3 weird things you can ignore when home shopping
In 15 years of real estate, I can honestly say that I've seen it all. Toilet seats up in listing photos, shag carpet covered with dog hair, bedrooms doubling as marijuana growing centers, and avocado green appliances from the '70s.
Sellers aren't required to get their homes in their best condition before showing them — let alone cleaning their home before listing. But one seller's laziness can spell a giant upside for the right buyer.
Here are three sights that may be off-putting when you're shopping for a home, but shouldn't stop you from considering making an offer — particularly if you love the home, layout or location.
Odd wallpaper and dirty carpet
Today's buyers generally prefer a home that's turn-key or move-in ready. They're too busy with their day-to-day lives to take on a renovation — and this is especially true for the continuously connected, mobile-ready millennial home buyer.
But painting walls and replacing carpets isn't always time-consuming or expensive, and you can do these projects before moving in.
If a seller won't replace their shag carpet or paint the interior a neutral color, they're shooting themselves in the foot.
A fresh coat of paint and finished floors or new carpet won't break the bank or take more than a week, and the end product will be a like-new home for you to move into.
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Rooms being strangely used
It's not uncommon to see a home's dining room transformed into a full-fledged office. Some homeowners even have a bedroom doubling as a walk-in closet. I once saw a first-floor bedroom turned into a wine-tasting room.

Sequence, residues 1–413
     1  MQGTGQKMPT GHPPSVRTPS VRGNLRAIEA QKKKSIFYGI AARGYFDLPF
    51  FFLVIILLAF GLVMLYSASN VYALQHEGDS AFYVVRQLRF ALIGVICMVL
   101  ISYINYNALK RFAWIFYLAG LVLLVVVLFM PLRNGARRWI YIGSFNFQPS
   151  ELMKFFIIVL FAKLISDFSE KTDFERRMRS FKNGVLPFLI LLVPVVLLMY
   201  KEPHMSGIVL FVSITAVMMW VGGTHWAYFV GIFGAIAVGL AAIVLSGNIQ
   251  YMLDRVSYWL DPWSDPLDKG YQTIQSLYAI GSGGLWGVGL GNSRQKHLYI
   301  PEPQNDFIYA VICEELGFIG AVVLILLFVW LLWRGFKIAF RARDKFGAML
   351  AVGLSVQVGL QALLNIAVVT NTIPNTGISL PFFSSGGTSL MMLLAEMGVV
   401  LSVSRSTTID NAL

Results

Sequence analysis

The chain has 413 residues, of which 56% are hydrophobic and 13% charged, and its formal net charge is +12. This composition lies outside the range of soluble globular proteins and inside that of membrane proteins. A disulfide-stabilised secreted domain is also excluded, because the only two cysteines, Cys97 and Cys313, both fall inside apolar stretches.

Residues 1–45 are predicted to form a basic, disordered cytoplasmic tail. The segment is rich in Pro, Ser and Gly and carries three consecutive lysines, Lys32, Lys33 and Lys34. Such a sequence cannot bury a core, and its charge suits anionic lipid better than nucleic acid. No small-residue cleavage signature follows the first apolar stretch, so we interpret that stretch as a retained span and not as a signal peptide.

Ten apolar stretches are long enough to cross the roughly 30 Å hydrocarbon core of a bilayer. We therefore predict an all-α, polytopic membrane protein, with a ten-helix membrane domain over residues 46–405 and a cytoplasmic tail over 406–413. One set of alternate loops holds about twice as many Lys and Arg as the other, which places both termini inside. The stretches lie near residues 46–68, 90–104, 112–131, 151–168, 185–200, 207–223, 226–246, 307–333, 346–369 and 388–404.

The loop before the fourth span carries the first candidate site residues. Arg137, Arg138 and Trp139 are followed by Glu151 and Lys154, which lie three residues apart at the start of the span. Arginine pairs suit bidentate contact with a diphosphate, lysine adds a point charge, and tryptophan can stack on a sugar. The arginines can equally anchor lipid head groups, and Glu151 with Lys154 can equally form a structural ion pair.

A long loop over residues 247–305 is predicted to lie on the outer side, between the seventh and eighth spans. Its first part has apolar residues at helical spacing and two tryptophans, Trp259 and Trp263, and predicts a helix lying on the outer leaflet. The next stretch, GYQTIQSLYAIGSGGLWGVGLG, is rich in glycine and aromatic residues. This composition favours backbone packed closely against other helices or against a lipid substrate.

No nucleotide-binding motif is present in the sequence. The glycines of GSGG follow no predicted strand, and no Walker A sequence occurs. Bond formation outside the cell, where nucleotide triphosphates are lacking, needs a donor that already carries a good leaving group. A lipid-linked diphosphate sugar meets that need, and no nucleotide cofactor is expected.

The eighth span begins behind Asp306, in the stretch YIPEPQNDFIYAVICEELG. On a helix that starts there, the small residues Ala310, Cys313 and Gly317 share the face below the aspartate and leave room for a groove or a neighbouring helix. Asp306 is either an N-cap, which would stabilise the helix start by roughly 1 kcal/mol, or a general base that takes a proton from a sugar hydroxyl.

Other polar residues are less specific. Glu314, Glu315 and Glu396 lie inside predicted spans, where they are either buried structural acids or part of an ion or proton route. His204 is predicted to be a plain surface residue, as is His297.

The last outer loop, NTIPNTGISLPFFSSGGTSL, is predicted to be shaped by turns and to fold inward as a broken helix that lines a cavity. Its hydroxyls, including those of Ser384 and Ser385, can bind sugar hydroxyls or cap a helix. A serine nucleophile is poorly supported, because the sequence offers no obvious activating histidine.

Just because the homeowner uses these spaces in a way that suits them, doesn't mean you have to. These rooms might stand out as odd to you, but try to forget that the seller lives there.
Once they've moved out, the dining room will be a space that just needs a great light fixture and table. The walk-in closet can be turned back into a bedroom in less than a day.
A too-strong seller presence
It's difficult for a buyer to imagine themselves in a home if it's full of the seller's photos, diplomas and other personal belongings. The best homes for buyers are those that are neutral and lacking any items specific to the owner.
What's worse is when the seller is present at a showing. It makes everyone uncomfortable. The buyers feel like they need to be on their best behavior and can't explore the house, dig deep into closets or cabinets, or feel free to talk out loud about what they see.
A home that is too personalized or where the seller is always present can sit on the market and get a bad reputation over time. A smart buyer will use that to their advantage and snag it below the asking price.
Sellers who sabotage their home sale — whether intentionally or not — leave money on the table for the buyer. But typical consumers today have a hard time seeing through a seller's mess, personalized design style or custom changes.
If you see a home online that's in a great location with a floor plan that's ideal, go see it. Ignore the things you can change, and think about whether you can make the home your own.